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His UOIT-led team of researchers, universities and other partners is developing a copper-chlorine (Cu-Cl) cycle that uses heat to split apart water molecules into hydrogen and oxygen. The chemicals are recycled so there is no waste product, and the result is hydrogen from a clean, renewable source of heat and water. And it’s cheaper, too. Naterer estimates the process in the future can yield hydrogen at about USD 1.40 per kilogram compared to conventional methods using fossil fuels at more than $2 per kilogram.

Today his team is developing a lab-scale prototype that produces about 5 kilograms of hydrogen per day, the equivalent of 20 litres of gasoline or enough to power an automobile. The next step will be a small, pre-commercial pilot-scale facility producing 500 kilograms per day. Full-scale production would then eventually lead to 800 tons per day. And that could power the whole Toronto commuter train system plus thousands of vehicles, and still provide a steady supply of much-needed hydrogen to industries like petrochemical plants in southwestern Ontario and oil sands upgraders in Alberta.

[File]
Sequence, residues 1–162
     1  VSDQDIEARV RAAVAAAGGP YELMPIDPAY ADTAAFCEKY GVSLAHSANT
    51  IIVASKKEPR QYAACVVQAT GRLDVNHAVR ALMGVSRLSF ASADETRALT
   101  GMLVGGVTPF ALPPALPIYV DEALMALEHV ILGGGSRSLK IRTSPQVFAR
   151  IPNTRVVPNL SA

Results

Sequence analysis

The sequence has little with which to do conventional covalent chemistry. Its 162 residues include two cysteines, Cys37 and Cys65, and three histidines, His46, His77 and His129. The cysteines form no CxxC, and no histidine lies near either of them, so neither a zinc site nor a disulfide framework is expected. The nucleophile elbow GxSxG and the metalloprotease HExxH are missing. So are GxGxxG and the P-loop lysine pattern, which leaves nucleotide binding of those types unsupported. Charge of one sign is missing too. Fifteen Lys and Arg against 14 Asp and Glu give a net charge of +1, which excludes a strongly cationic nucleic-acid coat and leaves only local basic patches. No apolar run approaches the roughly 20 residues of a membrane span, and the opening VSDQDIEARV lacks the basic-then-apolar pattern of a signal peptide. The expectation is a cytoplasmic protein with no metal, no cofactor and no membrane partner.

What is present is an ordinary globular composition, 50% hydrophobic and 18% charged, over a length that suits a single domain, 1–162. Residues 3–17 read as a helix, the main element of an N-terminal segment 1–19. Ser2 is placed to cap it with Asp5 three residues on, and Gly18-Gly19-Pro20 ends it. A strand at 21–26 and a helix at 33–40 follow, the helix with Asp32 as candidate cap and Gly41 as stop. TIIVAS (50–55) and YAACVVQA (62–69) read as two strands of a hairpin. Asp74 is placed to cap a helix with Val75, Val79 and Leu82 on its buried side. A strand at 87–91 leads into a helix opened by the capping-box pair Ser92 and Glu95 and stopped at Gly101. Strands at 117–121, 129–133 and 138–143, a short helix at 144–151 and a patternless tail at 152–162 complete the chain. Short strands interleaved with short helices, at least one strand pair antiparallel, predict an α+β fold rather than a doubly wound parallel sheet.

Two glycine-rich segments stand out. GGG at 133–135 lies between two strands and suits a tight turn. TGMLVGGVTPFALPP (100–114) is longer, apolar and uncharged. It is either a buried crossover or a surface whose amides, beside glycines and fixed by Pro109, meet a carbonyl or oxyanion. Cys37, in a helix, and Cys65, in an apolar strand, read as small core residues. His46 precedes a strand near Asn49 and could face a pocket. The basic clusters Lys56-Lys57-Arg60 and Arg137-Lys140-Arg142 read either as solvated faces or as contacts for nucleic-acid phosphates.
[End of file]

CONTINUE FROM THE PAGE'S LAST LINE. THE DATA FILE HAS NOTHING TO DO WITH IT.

Naterer’s work today is confined to the lab, but he’s confident the climate is right to position Ontario on the world stage by building the world’s first Cu-Cl pilot plant in Ontario. “There is a clear vision of the hydrogen future in Ontario, one that is shared by innovators and the provincial government. It’s a future where Ontario is not simply a player on the world stage; it’s a future where Ontario is a clean energy leader and exporter of clean hydrogen fuel.”